Trump declares Mark Cuban is ‘not smart enough to run for president!’

·Managing Editor

President Trump on Sunday revived his years-long Twitter war with Dallas Mavericks owner Mark Cuban.

“I know Mark Cuban well. He backed me big-time but I wasn’t interested in taking all of his calls. He’s not smart enough to run for president!” Trump tweeted.

Cuban’s first response was a one-word tweet: “Lol.” He also posted an exchange from the spring of 2016 in which Trump asked why Cuban had been “nasty” on CNN. The tech mogul responded by saying Trump needed to dig into the issues. “I may go after that job someday and it could be against you,” Cuban wrote to Trump via one of the property magnate’s aides.

Earlier Sunday, the New York Post published a story on the Trump administration eyeing potential 2020 foes. The tabloid’s sources reportedly said the White House’s “biggest fear” was Cuban.

“He’s not a typical candidate,” a Trump insider said, according to the Post. “He appeals to a lot of people the same way Trump did.”

The three other potential candidates name-checked in the Post article were Sen. Chris Murphy, D-Conn.; Sen. Sherrod Brown, D-Ohio, and Colorado Gov. John Hickenlooper.

Cuban and Trump have had a topsy-turvy relationship over the years and during the presidential campaign. Among other things, Trump has taunted Cuban about his golf game, his “physically weak” body, his intelligence, his wealth, his looks and the ratings of his shows, such as “Shark Tank” and “The Benefactor.” Trump has also tweeted that “nobody loves” Cuban, who took plenty more jabs at Trump.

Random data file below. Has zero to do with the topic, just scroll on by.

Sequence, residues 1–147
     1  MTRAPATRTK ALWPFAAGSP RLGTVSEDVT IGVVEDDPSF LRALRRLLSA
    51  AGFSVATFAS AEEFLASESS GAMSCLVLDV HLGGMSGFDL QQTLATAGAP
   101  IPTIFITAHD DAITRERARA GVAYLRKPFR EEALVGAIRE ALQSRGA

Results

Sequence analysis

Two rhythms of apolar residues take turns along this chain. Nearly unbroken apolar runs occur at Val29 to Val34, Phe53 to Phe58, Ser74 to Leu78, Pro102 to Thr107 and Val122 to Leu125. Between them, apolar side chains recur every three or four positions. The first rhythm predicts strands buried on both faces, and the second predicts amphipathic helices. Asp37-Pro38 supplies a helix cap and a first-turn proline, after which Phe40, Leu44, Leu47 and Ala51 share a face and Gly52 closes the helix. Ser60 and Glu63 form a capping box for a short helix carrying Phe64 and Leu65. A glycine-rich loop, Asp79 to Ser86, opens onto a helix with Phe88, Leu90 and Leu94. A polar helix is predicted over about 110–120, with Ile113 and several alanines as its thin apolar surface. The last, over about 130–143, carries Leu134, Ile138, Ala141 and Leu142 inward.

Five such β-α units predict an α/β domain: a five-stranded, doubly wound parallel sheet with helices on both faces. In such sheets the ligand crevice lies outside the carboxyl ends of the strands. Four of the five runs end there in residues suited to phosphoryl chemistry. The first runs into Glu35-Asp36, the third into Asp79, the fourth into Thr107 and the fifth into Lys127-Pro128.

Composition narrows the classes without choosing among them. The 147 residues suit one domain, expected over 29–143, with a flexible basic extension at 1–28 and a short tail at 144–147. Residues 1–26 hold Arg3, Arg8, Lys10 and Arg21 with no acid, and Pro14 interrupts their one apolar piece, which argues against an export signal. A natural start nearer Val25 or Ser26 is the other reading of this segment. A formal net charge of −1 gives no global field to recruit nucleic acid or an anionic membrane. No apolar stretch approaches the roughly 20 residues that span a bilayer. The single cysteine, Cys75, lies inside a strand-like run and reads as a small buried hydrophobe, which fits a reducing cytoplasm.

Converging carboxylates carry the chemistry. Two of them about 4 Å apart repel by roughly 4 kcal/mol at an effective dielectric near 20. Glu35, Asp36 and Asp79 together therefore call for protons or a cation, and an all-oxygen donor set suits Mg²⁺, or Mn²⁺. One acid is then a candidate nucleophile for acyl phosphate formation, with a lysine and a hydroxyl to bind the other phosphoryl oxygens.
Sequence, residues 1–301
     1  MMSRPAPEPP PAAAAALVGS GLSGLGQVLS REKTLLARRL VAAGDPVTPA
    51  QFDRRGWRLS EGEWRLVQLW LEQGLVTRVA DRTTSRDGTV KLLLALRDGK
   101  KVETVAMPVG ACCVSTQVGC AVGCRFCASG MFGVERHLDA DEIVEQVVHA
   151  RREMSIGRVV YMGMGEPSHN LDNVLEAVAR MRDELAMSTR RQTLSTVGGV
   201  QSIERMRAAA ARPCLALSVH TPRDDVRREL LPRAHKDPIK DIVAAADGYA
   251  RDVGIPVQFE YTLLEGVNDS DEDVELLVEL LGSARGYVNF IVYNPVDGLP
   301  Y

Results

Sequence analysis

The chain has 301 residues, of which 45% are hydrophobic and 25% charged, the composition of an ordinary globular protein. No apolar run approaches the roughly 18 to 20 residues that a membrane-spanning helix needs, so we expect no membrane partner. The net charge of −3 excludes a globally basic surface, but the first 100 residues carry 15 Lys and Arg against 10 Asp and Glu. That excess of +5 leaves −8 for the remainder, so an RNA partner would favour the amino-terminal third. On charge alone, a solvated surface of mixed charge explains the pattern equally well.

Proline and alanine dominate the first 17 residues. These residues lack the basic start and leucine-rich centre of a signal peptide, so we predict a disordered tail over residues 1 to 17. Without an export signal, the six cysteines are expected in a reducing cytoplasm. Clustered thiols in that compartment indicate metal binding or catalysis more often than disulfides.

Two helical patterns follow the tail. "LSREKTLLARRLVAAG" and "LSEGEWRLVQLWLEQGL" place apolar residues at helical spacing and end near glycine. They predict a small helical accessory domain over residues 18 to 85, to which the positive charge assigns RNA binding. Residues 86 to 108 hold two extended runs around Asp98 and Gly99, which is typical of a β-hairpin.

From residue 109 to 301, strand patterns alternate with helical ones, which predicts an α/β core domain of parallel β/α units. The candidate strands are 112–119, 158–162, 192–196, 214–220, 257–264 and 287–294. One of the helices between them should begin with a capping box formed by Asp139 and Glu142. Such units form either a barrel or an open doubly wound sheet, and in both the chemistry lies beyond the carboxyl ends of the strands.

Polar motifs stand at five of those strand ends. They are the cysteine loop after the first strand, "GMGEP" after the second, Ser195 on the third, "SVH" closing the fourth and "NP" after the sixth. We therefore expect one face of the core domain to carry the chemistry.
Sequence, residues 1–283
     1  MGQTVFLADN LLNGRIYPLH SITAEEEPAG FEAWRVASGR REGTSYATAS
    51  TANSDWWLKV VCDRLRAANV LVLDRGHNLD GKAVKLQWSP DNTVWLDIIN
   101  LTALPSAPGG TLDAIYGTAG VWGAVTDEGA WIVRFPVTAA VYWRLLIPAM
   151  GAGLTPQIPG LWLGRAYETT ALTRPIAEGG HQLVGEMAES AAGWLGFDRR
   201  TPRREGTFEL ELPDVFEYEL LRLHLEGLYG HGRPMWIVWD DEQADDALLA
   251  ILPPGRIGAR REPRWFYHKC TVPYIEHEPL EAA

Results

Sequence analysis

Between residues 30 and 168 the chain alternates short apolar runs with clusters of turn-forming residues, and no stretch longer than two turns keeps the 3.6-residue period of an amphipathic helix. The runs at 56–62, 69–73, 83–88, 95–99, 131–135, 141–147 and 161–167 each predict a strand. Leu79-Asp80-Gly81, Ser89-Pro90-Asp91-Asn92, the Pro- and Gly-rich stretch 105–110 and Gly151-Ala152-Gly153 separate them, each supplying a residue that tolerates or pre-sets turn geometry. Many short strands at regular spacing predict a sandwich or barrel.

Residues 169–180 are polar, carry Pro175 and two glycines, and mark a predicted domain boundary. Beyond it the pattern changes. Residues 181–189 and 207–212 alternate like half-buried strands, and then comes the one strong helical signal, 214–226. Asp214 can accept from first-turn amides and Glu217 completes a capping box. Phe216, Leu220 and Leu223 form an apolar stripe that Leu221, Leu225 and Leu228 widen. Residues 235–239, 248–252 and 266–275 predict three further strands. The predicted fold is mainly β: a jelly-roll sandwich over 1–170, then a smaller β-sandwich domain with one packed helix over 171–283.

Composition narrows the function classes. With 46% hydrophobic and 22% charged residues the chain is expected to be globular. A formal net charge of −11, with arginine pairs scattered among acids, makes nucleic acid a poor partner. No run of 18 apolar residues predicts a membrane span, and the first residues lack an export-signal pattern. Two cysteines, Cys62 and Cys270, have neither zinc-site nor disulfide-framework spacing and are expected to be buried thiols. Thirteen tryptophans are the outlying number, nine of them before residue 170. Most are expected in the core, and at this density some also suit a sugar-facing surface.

Mark Cuban stops to speak with members of the media as he arrives for the third presidential debate. (Photo: Andrew Harnik/AP)
Mark Cuban stops to speak with members of the media as he arrives for the third presidential debate. (Photo: Andrew Harnik/AP)

However, they reached a détente in the summer of 2015, when Cuban publicly praised Trump’s freewheeling campaign not long after it was launched. Last July, Cuban described Trump’s White House bid as “probably the best thing to happen to politics in a long, long time.”

“I don’t care what his actual positions are,” Cuban wrote then on his Cyber Dust social media app. “I don’t care if he says the wrong thing. He says what’s on his mind. He gives honest answers rather than prepared answers. This is more important than anything any candidate has done in years.”

“Thank you @mcuban for your nice words. I am rapidly becoming a @dallasmavs fan!” responded Trump, who had previously said he loved watching the Mavericks lose.

But their relationship soured again over time. Cuban endorsed Hillary Clinton and campaigned on her behalf, and repeatedly trolled Trump on Twitter. In one particularly notable stunt, Cuban offered Trump $10 million for a charity of his choice, in exchange for a four-hour policy interview. Cuban, who has said he doesn’t believe Trump is a billionaire, added: “If you need it, I’ll write you the check and you can keep the money rather than give it to charity.”

After the election, Cuban signaled that he was ready put aside their feud. He said he hoped that Trump would turn into a “superstar” and that people shouldn’t rush to judgment.

President Trump. (Photo: Joshua Roberts/Reuters)
President Trump (Photo: Joshua Roberts/Reuters)